Mayo Clinic has launched a multitude of AI efforts, from its ongoing alliance with Google Cloud to a joint venture to develop ECG-based algorithms. Now, the hospital system is striking a two-year partnership with Verily to build decision support tools, starting with cardiology and diabetes management.
Although Verily and Google may work under the same parent company, the project’s leaders emphasized that this is a separate effort. The goal, Mayo Clinic Cardiologist Dr. Rick Nishimura said, was to build a suite of tools that are better than the options physicians currently have at their disposal.
Most tools today are “one size fits all,” leaving physicians to figure out how to make the software’s recommendations relevant to the patient sitting in front of them. They also don’t solve the problem of surfacing all of the information that’s needed to make a decision. And with little regulatory oversight of most clinical decision support systems, it’s difficult to know if they are truly accurate, or sounding too many false alarms.
“The current clinical decision support systems now, physicians hate… The computer says you have to do this or else we’re going to keep on bugging you with these red lights in your EHR,” Nishimura said in an interview with MedCity News.
So, how do you build something physicians would actually want to use?
Mayo Clinic and Verily plan to design it to surface records on a patient that would be relevant to that case, and pull in recommendations from Mayo Clinic’s subspecialists on medication, dosing or tests to order, for example.
“Instead of the physician being told what to do, the physician or caregiver is able to take these inputs and make their own decision, which is a lot more palatable,” he said.
To start, the companies will work with subject matter experts to determine what will be the most important information to help them make a decision, said Mayo Clinic’s IT section head Jane Shellum. Then, they have to find where that information is actually stored in the patient’s record — is it in an echocardiogram report, or a clinical note?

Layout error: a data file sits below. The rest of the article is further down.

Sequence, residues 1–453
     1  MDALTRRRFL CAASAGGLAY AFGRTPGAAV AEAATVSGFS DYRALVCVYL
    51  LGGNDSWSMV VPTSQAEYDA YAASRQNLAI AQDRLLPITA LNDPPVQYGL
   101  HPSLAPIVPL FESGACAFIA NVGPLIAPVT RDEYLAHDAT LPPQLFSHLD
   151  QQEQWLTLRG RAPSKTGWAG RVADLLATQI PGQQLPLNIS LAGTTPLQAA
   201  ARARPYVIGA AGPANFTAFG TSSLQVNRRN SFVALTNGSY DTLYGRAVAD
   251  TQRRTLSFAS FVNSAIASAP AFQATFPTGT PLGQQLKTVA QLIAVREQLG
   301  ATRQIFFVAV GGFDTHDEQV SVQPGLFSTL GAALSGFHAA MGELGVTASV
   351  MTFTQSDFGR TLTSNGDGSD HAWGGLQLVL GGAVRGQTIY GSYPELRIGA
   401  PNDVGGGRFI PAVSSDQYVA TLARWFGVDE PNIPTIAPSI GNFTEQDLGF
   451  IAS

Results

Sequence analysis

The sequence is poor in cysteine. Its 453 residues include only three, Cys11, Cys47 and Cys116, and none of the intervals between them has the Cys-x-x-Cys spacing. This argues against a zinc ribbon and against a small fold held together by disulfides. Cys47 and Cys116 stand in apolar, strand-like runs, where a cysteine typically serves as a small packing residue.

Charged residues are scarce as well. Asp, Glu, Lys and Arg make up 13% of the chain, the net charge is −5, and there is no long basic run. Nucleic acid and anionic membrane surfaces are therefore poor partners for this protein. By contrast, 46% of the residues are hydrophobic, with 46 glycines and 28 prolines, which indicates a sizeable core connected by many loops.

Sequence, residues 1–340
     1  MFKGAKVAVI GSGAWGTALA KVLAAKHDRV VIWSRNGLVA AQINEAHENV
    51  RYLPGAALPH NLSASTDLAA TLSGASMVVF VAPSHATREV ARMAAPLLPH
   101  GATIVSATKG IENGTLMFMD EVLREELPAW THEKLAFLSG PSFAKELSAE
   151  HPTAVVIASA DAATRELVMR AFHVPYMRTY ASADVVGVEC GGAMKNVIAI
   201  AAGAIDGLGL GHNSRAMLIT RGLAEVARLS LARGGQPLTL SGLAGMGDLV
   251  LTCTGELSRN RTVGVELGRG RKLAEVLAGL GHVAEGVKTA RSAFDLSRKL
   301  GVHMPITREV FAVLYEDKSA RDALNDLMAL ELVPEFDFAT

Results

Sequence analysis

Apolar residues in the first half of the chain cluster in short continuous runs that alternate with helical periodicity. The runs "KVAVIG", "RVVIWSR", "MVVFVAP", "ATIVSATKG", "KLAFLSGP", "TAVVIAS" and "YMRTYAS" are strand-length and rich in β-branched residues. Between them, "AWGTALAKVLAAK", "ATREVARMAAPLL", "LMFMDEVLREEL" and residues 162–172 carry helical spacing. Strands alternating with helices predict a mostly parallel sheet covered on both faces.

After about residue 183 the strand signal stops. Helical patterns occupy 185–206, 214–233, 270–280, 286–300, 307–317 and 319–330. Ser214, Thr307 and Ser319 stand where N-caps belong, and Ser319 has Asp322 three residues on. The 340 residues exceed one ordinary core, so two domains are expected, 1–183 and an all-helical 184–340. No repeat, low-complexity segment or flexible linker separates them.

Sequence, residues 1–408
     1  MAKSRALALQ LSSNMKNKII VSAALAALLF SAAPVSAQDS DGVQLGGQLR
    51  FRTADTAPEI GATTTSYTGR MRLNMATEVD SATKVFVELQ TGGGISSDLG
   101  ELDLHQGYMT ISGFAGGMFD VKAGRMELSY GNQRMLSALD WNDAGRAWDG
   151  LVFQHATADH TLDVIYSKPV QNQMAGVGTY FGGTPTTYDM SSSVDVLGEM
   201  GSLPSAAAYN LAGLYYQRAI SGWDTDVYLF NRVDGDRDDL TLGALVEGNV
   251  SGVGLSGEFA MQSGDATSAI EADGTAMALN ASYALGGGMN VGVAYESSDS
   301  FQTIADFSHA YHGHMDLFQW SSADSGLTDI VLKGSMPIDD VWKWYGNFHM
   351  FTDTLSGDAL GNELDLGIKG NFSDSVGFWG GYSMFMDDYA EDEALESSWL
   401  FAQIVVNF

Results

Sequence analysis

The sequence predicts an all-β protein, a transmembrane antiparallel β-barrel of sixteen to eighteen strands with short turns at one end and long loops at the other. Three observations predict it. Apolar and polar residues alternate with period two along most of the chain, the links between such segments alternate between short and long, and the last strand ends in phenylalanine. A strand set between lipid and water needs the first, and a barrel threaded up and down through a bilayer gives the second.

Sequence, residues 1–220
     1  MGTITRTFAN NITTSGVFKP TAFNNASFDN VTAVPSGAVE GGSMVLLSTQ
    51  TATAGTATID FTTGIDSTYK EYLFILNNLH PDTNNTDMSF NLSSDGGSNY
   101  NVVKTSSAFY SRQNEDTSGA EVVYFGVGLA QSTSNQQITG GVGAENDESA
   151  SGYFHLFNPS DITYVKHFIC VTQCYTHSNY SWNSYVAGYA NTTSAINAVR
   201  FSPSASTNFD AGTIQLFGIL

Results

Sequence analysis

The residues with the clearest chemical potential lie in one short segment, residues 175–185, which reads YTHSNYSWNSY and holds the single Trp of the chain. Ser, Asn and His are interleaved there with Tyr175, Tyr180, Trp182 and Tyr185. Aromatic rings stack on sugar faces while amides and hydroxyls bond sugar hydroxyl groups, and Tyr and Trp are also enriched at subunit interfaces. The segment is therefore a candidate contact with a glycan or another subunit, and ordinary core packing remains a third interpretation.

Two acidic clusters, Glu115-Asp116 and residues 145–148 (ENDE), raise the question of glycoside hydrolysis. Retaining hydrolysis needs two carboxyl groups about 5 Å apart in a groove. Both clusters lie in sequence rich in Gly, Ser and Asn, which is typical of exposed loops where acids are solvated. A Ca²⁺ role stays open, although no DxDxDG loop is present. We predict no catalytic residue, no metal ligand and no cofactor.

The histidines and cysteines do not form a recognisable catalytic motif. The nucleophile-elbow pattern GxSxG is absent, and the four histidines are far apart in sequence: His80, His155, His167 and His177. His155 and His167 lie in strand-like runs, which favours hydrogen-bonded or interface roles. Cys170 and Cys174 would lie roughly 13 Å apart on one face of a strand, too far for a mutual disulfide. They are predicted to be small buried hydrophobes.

After testing to ensure they got the data they expected, the next step is to bring it in front of clinicians to see if there’s anything else that would be critical to their decision.
“I just had a conversation with a cardiologist today, who said if you’re going to show me this piece of data and this piece of data… there’s one more piece of data that tells the whole story about what I’m thinking about,” she said. “There’s the technical validation to make sure the data is correct and there’s the clinical validation to say, is it meaningful data?”
Later on, they plan to run a study to determine if the tool was successful in reducing the cognitive burden for clinicians.
While they may be starting with cardiometabolic conditions, Shellum said they are designing the tool in such a way that it could be used in different settings. It’s a good place to start because of the potential impact while still being “the right level of hard,” said Verily’s head of health informatics, Paul Varghese.
“It requires the synthesis of a range of information that might be captured in different formats and different forms within an EHR. It might be encoded in structured data. It might be fully documented in a clinical note,” he said. “When we looked at a solution for this, we realized it required a reasonable level of sophistication, knowledge and experience.”
They plan to design it in such a way that it will be able to integrate with most commercial electronic health records using Smart on FHIR standards. To start, it will be deployed internally at Mayo Clinic, but the companies plan to extend it to Verily’s health system partners and customers.
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